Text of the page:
These medicines contain the nicotinic acid form of niacin.
Generic Name Brand Name niacin Niacor
Generic Name Brand Name niacin Slo-Niacin
Generic Name Brand Name niacin Niaspan
Nicotinic acid reduces the production of triglycerides and VLDL (very low-density lipoprotein, which is converted to LDL in the blood). This leads to decreased LDL ("bad") cholesterol, increased HDL ("good") cholesterol, and lowered triglycerides. Nicotinic acid raises HDL cholesterol more than other lipid-lowering medicines.
Nicotinic acid is especially useful in people who have low HDL levels and high triglyceride levels, because it raises HDL and lowers triglycerides. Niacin may not be appropriate for some people who have:
- Active stomach ulcer.
- Oversensitivity to niacin.
- Type 2 diabetes and do not have their blood sugar levels controlled.
- Clotting disorders, such as hemophilia.
- Active liver disease.
- LDL can be reduced by 5% to 25%.1
- HDL can be increased by 15% to 35%.1
- Triglycerides can be reduced by 20% to 35%.1
All medicines have side effects. But many people don't feel the side effects, or they are able to deal with them. Ask your pharmacist about the side effects of each medicine you take. Side effects are also listed in the information that comes with your medicine.
Here are some important things to think about:
- Usually the benefits of the medicine are more important than any minor side effects.
- Side effects may go away after you take the medicine for a while.
- If side effects still bother you and you wonder if you should keep taking the medicine, call your doctor. He or she may be able to lower your dose or change your medicine. Do not suddenly quit taking your medicine unless your doctor tells you to.
Call 911 or other emergency services right away if you have:
- Trouble breathing.
- Swelling of your face, lips, tongue, or throat.
Call your doctor if you have:
- Severe stomach pain.
- Loss of appetite.
- Yellow eyes or skin (symptoms of jaundice).
Common side effects of this medicine include:
- Flushing or redness of skin on face and neck.
- Dizziness or lightheadedness.
These side effects are more severe when higher doses are used.
See Drug Reference for a full list of side effects. (Drug Reference is not available in all systems.)
Flushing side effect
Facial flushing and itching gradually diminish over time for most people. Starting with a low dose and gradually increasing the dose may reduce the flushing and itching. If you need to relieve flushing, talk with your doctor to find a method that works for you.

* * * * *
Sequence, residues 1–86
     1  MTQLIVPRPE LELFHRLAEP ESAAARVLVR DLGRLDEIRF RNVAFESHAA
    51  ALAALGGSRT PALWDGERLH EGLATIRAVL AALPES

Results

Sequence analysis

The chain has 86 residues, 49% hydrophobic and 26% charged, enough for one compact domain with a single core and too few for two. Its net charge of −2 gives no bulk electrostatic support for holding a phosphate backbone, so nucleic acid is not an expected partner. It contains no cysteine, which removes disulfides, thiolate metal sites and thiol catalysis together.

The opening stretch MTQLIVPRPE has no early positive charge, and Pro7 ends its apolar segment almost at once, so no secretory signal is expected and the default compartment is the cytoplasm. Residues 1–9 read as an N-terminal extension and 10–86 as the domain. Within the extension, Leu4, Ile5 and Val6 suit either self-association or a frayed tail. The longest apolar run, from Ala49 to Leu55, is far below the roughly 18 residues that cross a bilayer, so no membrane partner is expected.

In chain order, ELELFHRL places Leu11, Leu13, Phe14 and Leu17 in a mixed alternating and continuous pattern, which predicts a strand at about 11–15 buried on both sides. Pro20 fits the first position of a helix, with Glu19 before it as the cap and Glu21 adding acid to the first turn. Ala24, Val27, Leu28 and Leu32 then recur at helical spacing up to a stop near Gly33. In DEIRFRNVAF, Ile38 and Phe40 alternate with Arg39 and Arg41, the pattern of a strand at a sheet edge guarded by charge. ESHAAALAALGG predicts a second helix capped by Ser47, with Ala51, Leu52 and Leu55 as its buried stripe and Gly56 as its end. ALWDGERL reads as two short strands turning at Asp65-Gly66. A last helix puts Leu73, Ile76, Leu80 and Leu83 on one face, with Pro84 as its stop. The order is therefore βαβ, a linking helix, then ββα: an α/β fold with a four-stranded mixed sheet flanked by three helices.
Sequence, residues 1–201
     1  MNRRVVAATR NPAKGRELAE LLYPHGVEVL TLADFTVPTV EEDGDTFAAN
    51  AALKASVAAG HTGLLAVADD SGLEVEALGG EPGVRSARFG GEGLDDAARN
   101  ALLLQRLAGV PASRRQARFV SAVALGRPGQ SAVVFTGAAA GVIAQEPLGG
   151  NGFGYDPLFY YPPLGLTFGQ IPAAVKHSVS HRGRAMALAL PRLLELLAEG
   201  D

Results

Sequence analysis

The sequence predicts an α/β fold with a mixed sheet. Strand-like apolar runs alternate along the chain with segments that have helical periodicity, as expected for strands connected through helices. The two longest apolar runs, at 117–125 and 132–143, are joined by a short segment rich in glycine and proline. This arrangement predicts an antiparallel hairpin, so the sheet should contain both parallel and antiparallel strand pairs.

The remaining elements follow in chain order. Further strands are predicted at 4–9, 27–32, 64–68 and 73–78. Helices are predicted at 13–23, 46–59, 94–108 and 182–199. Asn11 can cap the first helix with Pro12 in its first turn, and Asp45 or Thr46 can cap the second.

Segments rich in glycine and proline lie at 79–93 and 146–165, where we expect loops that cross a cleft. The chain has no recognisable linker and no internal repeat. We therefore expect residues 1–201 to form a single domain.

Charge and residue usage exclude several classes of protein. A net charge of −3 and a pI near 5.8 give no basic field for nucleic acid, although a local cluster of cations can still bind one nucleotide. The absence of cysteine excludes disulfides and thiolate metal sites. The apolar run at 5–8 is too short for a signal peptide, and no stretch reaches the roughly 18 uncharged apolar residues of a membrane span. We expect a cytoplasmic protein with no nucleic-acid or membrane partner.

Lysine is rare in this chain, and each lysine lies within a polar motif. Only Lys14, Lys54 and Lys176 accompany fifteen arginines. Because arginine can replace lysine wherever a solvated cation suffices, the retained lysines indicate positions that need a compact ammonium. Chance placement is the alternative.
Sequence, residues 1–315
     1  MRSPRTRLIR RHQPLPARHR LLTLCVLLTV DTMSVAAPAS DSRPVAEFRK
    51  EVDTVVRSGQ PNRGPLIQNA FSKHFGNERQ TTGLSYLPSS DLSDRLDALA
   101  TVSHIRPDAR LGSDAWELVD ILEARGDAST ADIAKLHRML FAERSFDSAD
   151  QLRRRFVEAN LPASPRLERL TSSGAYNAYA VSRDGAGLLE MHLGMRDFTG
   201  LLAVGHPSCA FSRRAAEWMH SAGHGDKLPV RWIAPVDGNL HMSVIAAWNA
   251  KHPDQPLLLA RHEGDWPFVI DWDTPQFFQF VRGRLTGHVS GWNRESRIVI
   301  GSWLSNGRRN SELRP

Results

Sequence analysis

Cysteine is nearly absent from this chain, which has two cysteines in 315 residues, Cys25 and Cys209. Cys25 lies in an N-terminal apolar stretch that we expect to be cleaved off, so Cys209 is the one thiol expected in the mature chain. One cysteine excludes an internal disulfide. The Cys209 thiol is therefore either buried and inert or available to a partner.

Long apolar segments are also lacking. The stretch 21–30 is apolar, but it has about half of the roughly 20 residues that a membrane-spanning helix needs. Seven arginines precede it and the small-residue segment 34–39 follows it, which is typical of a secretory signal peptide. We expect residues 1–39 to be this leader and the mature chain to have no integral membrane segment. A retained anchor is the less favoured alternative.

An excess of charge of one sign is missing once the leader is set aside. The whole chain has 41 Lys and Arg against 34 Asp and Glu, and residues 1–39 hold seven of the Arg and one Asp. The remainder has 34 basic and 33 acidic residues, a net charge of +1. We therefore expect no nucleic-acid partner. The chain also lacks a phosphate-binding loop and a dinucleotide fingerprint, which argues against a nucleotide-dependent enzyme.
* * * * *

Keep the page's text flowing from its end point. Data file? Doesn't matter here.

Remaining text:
Talk to your doctor before you start taking over-the-counter (nonprescription) niacin. If you choose to take it, ask your doctor to help you know which medicine to buy and how much to take.
Nicotinic acid is a B vitamin that is available without a prescription as a vitamin supplement (niacin). The nicotinic acid form of niacin lowers cholesterol, but other forms of niacin do not. These other forms that do not lower cholesterol include nicotinamide and inositol nicotinate (also called no-flush niacin).
Ask your doctor how much niacin you should take. You want to take a dose that will work. But you do not want to take more niacin than you need. Larger doses of niacin can be dangerous, because they can damage your liver.
Activity and diet
Be active and eat a cholesterol-lowering diet in addition to taking this medicine. Ask your doctor for advice on a diet that can help lower cholesterol. An example is the Therapeutic Lifestyle Changes (TLC) diet. For more information, see:
- High Cholesterol: Using the TLC Diet.
Medicine is one of the many tools your doctor has to treat a health problem. Taking medicine as your doctor suggests will improve your health and may prevent future problems. If you don't take your medicines properly, you may be putting your health (and perhaps your life) at risk.
There are many reasons why people have trouble taking their medicine. But in most cases, there is something you can do. For suggestions on how to work around common problems, see the topic Taking Medicines as Prescribed.
Advice for women
If you are pregnant, breast-feeding, or trying to get pregnant, do not use any medicines unless your doctor tells you to. Some medicines can harm your baby. This includes prescription and over-the-counter medicines, vitamins, herbs, and supplements. And make sure that all your doctors know that you are pregnant, breast-feeding, or planning to get pregnant.
If you take niacin as a prescription or over-the-counter medicine, your doctor will likely have you get regular blood tests to check for liver problems.
Follow-up care is a key part of your treatment and safety. Be sure to make and go to all appointments, and call your doctor if you are having problems. It's also a good idea to know your test results and keep a list of the medicines you take.
Complete the new medication information form (PDF) to help you understand this medication.
Drugs for lipids (2011). Treatment Guidelines From The Medical Letter, 9(103): 13–20.
By Healthwise Staff Primary Medical Reviewer Kathleen Romito, MD - Family Medicine Specialist Medical Reviewer Robert A. Kloner, MD, PhD - Cardiology Specialist Medical Reviewer Rakesh K. Pai, MD, FACC - Cardiology, Electrophysiology Last Revised August 9, 2013